Selective Timeline of Medical Ethics and Clinical Research

The Internet Encyclopedia of Philosophy defines ethics as: “The field of ethics (or moral philosophy) involves systematizing, defending, and recommending concepts of right and wrong behavior. Philosophers today usually divide ethical theories into three general subject areas: metaethics, normative ethics, and applied ethics. Metaethics investigates where our ethical principles come from, and what they mean. Are they merely social inventions? Do they involve more than expressions of our individual emotions? Metaethical answers to these questions focus on the issues of universal truths, the will of God, the role of reason in ethical judgments, and the meaning of ethical terms themselves. Normative ethics takes on a more practical task, which is to arrive at moral standards that regulate right and wrong conduct. This may involve articulating the good habits that we should acquire, the duties that we should follow, or the consequences of our behavior on others. Finally, applied ethics involves examining specific controversial issues, such as abortion, infanticide, animal rights, environmental concerns, homosexuality, capital punishment, or nuclear war.”1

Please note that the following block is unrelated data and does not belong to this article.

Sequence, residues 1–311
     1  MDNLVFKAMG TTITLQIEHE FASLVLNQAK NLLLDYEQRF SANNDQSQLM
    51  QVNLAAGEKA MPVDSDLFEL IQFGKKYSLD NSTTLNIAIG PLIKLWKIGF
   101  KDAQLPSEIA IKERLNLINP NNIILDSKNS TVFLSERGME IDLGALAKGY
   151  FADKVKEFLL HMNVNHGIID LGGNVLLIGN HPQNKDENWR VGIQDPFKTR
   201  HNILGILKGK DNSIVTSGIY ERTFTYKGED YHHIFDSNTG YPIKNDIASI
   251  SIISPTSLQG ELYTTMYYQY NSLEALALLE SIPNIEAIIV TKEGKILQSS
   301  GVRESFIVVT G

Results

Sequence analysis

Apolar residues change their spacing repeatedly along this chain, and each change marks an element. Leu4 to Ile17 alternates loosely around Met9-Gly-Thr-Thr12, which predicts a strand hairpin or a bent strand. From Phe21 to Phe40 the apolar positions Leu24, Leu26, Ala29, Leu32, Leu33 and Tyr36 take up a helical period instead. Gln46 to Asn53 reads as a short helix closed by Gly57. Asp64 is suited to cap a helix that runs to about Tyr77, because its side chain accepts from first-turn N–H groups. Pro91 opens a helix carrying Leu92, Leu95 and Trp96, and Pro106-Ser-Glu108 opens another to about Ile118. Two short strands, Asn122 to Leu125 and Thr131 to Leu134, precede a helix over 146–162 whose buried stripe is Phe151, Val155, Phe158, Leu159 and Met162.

Ethical principles were not fully applied to medical/clinical research until the repugnant abuses of German and Japanese experiments on humans were revealed in the late 1930s and early 1940s. It is important to recognize that the extent of the ethical abuses and violation of basic morality were not anticipated in advance. Rather, ethical guidelines for clinical research were only codified after abuses occurred. Similarly, refinements in ethical guidelines for conducting clinical research were often precipitated by uncovering unethical clinical research that was “hidden” from the public view and scrutiny. Many of the abuses were funded by the US government and approved by ethical review boards. It is useful to review a timeline of the application of ethical principles over the last several decades as recent consideration is being given to altering or eliminating certain ethical guidelines to facilitate conducting clinical research fostered by dramatic increases in funding and discovery.,2,3